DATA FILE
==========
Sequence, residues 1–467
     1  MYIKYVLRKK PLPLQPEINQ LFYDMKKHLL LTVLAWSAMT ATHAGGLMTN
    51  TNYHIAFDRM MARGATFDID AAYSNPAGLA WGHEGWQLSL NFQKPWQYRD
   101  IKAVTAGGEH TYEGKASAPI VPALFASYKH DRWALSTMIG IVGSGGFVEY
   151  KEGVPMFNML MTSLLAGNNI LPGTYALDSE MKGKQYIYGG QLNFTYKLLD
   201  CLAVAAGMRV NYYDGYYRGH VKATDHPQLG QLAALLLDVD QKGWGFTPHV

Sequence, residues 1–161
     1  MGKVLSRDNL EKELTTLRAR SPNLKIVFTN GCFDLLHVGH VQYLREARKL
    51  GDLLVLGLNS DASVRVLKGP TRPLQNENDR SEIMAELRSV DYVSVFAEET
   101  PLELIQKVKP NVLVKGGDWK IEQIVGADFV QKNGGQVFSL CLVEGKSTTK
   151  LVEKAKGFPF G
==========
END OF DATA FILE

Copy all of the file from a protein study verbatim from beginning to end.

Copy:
Sequence, residues 1–467
     1  MYIKYVLRKK PLPLQPEINQ LFYDMKKHLL LTVLAWSAMT ATHAGGLMTN
    51  TNYHIAFDRM MARGATFDID AAYSNPAGLA WGHEGWQLSL NFQKPWQYRD
   101  IKAVTAGGEH TYEGKASAPI VPALFASYKH DRWALSTMIG IVGSGGFVEY
   151  KEGVPMFNML MTSLLAGNNI LPGTYALDSE MKGKQYIYGG QLNFTYKLLD
   201  CLAVAAGMRV NYYDGYYRGH VKATDHPQLG QLAALLLDVD QKGWGFTPHV

Sequence, residues 1–161
     1  MGKVLSRDNL EKELTTLRAR SPNLKIVFTN GCFDLLHVGH VQYLREARKL
    51  GDLLVLGLNS DASVRVLKGP TRPLQNENDR SEIMAELRSV DYVSVFAEET
   101  PLELIQKVKP NVLVKGGDWK IEQIVGADFV QKNGGQVFSL CLVEGKSTTK
   151  LVEKAKGFPF G